Hi Ray, yes I am a guy lived in the city with worst air pollution. The air becomes worse these years. If you want to take a outdoor jogging, I strongly recommend Olympic Forest Park. Its source gate is on the subway line 8. And it is the most famous park for non professional runners. You will find 3km/5km/10km routes there and the air is normally better than outside due to the plants. The open hours are about 7:00AM~9:00PM.
    BTW, I like your blog very much and learned very useful information about running and gadgets.

  2. Champ

    good call for not going out in that air.

  3. Mans

    Grin… did those concept2 rowers had PM4’s? if they did you could have paired them with your 910XT/ant+ hrm. :D

    *wonders what your 2k time is :P *

  4. You don’t seem to having too much luck in Beijing with the workouts. But what difference does it make running outdoors or walking to tour the olympic stadium? You’re outdoors and breathing the same muck into your lungs either way.

    • DC Rainmaker

      The photos outdoors were from Saturday (low-AQI day), not Sunday (high-AQI day).

      That said, you’re consuming far more oxygen running at high intensity than a leisurely walk.

    • Eli

      While you’re breathing more (higher breath rate) you’re also breathing deeper. The deep breathing means the small pollution particles can get much deeper in your lungs

    • John

      It is a bad idea to go outside at all most days in Beijing. Locals tend to wear face mask filters, but these have been shown to have very limited effectiveness. Exercise of course makes it worse, since you are breathing that much harder.

  5. I had the same problem with Beijing when I was in China to run the Great Wall Marathon. On the first day in the hotel I was afraid to go outside since I literally couldn’t see across the street for all the smog. I ended up with a very short run along the river after the marathon just to stretch my legs, but with the heat and pollution, I kept it very short.

  6. Bob Quindazzi

    I’m curious as to the difference in air quality indoors as opposed to outdoors. Does the hotel have a filtration system designed for the local pollutants?

  7. Mark

    Any idea why bevan Docherty is not listed on the wall for the bronze medal?

    • DC Rainmaker

      He is, it’s just wrapped around at the top of the next chunk – about about 2 meters higher on the next panel.

  8. derek

    Cool photos of the olympic stadium; did you use your Panasonic Lumix or the DSL? (I ask partly because I’m in the market for a smaller, non-DSL). Thanks! Love the site, I’m a regular.

    • DC Rainmaker

      The stadium shots are all with the DSLR (Canon 7D). Actually, everything in this post is from the DSLR (except computer screen shots). A bit of a rarity for a single post to be all DSLR.

  9. Efraim Shaw

    I just purchased the TS4 for my cross country ride. I’m practicing taking pictures like you do: on the run or ride!

  10. Alex

    Where is Kiwi Bevan Docherty on the wall for medals?

    • DC Rainmaker

      He’s on the next panel, about about 2 meters higher. It just wraps around as it hits the bottom.

  11. Jase

    I feel your pain Ray. Living in Shanghai I’ve cancelled a heap of runs and rides.
    Over a year, not as bad as Beijing though…

  12. Harri

    The air quality here sucks. On a side note, I think the Chinese and US use different scale for the AQI. I usually follow the PM2.5 concentrations, and they track each other really well. However, Beijing is totally awesome for road cycling! The very nearby mountains offer amazing roads with very little traffic. Also the air quality there is almost always a fair bit better. Drop me a note and if you have time on your next trip here would be very happy to take you for a ride!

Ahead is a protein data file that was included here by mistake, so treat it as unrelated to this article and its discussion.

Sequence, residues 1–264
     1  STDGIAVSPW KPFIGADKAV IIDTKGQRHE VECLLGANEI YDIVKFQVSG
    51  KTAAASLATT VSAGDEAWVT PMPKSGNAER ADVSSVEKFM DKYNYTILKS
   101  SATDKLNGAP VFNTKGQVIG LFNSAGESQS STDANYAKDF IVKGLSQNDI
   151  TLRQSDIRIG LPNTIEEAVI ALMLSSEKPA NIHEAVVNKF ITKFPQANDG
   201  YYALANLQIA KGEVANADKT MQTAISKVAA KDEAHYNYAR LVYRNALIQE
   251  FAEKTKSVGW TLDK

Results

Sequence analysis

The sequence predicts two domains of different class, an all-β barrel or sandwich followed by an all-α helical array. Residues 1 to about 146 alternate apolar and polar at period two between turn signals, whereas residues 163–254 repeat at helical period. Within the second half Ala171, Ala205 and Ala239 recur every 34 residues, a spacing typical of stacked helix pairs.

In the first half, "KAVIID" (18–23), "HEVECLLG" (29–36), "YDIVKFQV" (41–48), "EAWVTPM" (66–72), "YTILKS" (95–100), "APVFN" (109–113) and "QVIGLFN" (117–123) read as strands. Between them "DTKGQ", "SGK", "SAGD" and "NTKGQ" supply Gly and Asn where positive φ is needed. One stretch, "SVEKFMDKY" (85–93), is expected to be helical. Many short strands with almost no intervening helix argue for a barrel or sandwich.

13. Erlingur

    All DSLR – even the workout bunker selfie?

    • DC Rainmaker

      Yup, even that. :)

    • Eli

      And still not a low enough f stop so the background could be slightly out of focus with the treadmill in crisp focus while your legs could be slightly blurry from a slower shutter speed? Then the eye would be more attracted to the motion blur part. :-p

    • DC Rainmaker

      Yeah, I only gave it about 3-4 shots of trying to take it pre-run. Each one required getting off the treadmill, adjusting, getting on, running, finding the framing or stride note quite right and repeating. Eventually I decided for this purpose it was ‘good enough’.

      Actually, one time the bottom of the lens due to the bouncing – bounced onto the belt I thought the camera was a gonner, but the 7D is heavy enough it stayed put, though the lens now is ‘well smoothed’ on the bottom of the lens rim.

  14. Matt

    Hey look at that!! An Erg (rowing machine) in the background. You don’t see those too often. Amazed that Concept2 is sitting in a hotel in China!

    You want a killer workout, give one of those a try sometime. also awesome for recovery if you are ever nursing a running injury!

  15. Hi Rainmaker,

    I follow your blog and I must say that I am very impressed with all your many travels. I really like your blog and learn a lot from your posts and I am always well entertained. Don’t misunderstand me – I believe what your are writing but I was just wondering: In the above post you write “…as my flight is at 6:45AM this morning (about 48 minutes from now as I type this)…” – how it’s possible for you to reach your flight within 48 minutes in a city like Beijing (a lot of traffic and a big airport)?

  16. ahhh stupid me. I thought you were on the hotel while writing the post – airport wifi make sense and is pretty useful :o) Thanks for quick response

    • DC Rainmaker

      I started writing it at the hotel, took a taxi, and then finished writing it at airport. Unfortunately, the WiFi was too slow for everything to upload before I had to get onboard, so didn’t publish till Zurich some 10-11 hours later. :(

  17. Chen Yang

    Why do you believe the air quality indoors is much better than outside? Is there any science facts?

    • Uhh, yeah, it’s pretty well proven. Starting with fact that most businesses (and residences) have air filters designed for exactly that purpose. Heck, even the Chinese government recommends staying indoors because the air quality is better.

  18. David

    I know this post is kind of old. I didn’t see anything newer. But have you ever done a run around at the Beijing airport? I’ve got a layover there in a few days and was wondering if it could work out logistically. (I know you’ve done it at other airports).